DEEP: DEEP Provides Flexibility on Disposal of Plowed Snow Given Extraordinary Snow Accumulation

February 9, 2013
 

DEEP Provides Flexibility on Disposal of Plowed Snow Given Extraordinary Snow Accumulation

The Connecticut Department of Energy and Environmental Protection (DEEP) today announced that due to the extraordinary snowfall from the recent snow storm, it is providing cities and towns with some flexibility to dispose of snow in salt water and certain waterways if all options for upland storage or other disposal methods have been exhausted.

DEEPís Best Management Practices (BMPs), which provide guidance on disposal of snow accumulation, are consistent with EPA guidelines and those of neighboring states such as Massachusetts and New Jersey. The flexibility on disposal takes effect only upon public notification by the Commissioner of DEEP, applies only to cities, town and other government entities, and applies only to snow and ice not visibly contaminated with material other than salt and sand from road clearing activities. Snow clearing and road maintenance activities conducted by most municipalities includes removal of snow accumulations from bridges, roads and parking areas for the purpose of providing more space for subsequent snow storms and for ease of travel and parking. DEEPís BMPs recommend disposing of this snow in upland areas and away from water bodies due to the presence of dirt, salt, litter, pet waste and other debris, which are routinely mixed in the accumulated snow. These types of contaminants can be cleaned after snow melts at inland storage areas but have an adverse effect when placed in water bodies and waterways.

DEEPís BMPs for limited Ė in-water disposal include the following terms and conditions:

  • Upland storage and disposal of snow (i.e., athletic fields, parks and other flat, open-field sites) and other snow management methods (i.e., snow melting equipment) must be the first alternatives explored and exhausted. Environmentally sensitive areas must be avoided;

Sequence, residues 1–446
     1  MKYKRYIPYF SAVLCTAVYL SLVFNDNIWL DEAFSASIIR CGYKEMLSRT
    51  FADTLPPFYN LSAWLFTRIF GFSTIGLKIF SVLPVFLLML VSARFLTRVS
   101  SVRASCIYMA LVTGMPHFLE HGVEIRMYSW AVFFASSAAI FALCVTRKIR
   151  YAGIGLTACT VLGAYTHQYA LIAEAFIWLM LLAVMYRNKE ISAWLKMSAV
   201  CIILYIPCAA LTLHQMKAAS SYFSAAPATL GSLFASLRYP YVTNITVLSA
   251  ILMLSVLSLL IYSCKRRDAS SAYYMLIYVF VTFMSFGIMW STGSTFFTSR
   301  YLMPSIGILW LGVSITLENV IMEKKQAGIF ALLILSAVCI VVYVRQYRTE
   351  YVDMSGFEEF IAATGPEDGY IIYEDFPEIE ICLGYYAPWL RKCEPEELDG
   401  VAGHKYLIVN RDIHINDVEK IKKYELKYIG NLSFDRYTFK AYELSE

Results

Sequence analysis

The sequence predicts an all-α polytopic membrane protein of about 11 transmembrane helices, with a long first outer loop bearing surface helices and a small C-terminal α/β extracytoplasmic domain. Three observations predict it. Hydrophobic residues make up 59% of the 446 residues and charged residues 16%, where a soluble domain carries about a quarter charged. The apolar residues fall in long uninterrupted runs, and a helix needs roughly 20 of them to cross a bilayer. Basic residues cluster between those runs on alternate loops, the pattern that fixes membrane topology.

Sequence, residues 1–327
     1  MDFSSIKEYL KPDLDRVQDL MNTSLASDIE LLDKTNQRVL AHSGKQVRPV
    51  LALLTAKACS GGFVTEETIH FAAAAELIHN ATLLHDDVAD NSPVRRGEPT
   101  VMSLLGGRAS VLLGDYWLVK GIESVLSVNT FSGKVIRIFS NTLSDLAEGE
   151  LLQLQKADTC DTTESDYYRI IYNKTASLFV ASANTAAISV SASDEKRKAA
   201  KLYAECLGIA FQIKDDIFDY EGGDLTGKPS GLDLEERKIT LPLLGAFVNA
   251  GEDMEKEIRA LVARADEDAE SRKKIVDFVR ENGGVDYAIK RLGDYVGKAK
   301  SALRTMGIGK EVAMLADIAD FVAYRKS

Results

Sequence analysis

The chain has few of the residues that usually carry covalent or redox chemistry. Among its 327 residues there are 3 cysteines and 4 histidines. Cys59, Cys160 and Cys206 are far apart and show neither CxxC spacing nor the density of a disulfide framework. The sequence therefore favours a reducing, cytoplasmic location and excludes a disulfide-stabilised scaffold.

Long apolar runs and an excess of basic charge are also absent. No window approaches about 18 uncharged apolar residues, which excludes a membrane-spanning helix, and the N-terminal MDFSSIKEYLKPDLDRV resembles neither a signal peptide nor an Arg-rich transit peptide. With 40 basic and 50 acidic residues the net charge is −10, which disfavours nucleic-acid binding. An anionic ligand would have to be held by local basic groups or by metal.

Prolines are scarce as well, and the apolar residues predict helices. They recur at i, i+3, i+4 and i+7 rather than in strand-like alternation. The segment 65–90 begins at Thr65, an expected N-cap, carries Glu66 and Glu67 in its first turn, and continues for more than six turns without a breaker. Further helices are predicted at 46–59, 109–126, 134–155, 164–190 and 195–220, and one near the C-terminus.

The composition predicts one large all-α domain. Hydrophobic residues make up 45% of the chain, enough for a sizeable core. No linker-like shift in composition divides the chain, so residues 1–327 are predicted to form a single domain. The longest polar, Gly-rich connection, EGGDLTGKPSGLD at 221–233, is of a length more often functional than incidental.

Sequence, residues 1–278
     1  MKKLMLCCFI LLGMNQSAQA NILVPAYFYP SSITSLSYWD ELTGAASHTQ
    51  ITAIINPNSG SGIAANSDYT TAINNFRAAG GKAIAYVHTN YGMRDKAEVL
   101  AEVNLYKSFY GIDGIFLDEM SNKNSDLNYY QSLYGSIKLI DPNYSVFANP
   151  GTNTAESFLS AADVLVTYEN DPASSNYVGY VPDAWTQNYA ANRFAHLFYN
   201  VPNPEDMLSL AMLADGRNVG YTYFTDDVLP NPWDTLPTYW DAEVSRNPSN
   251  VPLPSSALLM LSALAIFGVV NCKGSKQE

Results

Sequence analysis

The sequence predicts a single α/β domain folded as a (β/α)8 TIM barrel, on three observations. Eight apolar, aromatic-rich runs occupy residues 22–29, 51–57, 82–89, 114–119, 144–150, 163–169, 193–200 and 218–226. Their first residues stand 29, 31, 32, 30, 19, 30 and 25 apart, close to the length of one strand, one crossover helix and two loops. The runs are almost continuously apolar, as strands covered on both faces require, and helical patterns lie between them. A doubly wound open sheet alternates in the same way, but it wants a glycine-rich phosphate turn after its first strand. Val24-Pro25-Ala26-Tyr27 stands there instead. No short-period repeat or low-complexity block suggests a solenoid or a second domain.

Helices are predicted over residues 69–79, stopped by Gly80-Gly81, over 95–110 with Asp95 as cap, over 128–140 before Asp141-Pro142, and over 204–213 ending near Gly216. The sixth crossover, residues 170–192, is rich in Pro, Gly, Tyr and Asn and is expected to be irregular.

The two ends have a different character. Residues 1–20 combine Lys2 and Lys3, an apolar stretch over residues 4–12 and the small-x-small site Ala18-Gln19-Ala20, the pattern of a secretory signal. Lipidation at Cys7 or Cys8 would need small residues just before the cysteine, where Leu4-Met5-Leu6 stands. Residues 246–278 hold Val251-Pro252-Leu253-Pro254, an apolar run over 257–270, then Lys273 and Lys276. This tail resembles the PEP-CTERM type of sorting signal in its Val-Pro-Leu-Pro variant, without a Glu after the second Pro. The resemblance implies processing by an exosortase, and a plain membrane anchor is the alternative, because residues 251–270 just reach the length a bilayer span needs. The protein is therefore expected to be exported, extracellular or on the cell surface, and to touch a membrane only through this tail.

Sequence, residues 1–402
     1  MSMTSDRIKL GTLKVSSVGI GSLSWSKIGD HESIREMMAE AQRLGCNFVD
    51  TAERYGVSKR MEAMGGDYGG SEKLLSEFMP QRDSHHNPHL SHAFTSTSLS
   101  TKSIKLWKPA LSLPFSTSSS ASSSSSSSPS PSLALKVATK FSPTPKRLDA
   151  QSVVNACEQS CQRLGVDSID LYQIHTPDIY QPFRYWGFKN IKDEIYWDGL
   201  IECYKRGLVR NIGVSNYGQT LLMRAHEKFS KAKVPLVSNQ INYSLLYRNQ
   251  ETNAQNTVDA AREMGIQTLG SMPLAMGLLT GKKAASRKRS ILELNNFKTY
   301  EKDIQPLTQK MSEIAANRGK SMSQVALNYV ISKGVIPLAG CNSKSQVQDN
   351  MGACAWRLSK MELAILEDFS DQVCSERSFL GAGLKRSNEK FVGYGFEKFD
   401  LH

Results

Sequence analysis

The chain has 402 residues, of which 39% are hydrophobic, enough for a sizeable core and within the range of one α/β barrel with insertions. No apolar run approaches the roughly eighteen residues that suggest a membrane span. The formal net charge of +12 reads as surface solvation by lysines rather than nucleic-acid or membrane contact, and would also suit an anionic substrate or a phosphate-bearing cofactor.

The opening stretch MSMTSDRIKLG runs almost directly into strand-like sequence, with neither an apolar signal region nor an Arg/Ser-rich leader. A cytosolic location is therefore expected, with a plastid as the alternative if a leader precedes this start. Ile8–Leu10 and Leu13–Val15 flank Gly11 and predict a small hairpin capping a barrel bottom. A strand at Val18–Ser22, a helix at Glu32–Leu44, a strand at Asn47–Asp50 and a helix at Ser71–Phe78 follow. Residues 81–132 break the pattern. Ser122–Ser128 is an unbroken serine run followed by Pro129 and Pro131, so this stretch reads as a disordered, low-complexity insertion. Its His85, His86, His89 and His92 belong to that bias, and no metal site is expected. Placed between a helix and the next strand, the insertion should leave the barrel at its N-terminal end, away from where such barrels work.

• This guidance applies only to snow and ice which is not visibly contaminated with material other than salt and sand from road clearing activities;
  • For coastal communities, preference should be given to snow disposal in salt water where available;
  • Disposal in rivers or streams must be limited to those water bodies that have adequate flow and mixing and are not prone to ice jams;
  • The disposal must occur only in open water in areas that will not interfere with navigation;
  • Disposal must be conducted in a manner so as to prevent ice dam formation or damage to bridges, docks, or other structures;
  • Disposal in ponds and lakes is discouraged;
  • There shall be no disposal in coastal or freshwater wetlands, eelgrass beds, vegetated shallows, vernal pools, shellfish beds mudflats, public water supply reservoirs and their tributaries, or others areas designated as being environmentally sensitive;
  • The activity must comply with local laws and requirements;
  • Precautions must be taken to avoid shoreline or stream bank damage or erosion from truck/equipment activity; and
  • Governmental entities must notify the Department by email (address email to kevin.sowa@ct.gov) prior to disposing of snow and ice in waterways or, if advance notification is not possible, then the Department must be contacted as soon as possible after snow disposal has begun.

DEEPís BMPs for snow removal can be found on the DEEP website at www.ct.gov/deep/snowdisposal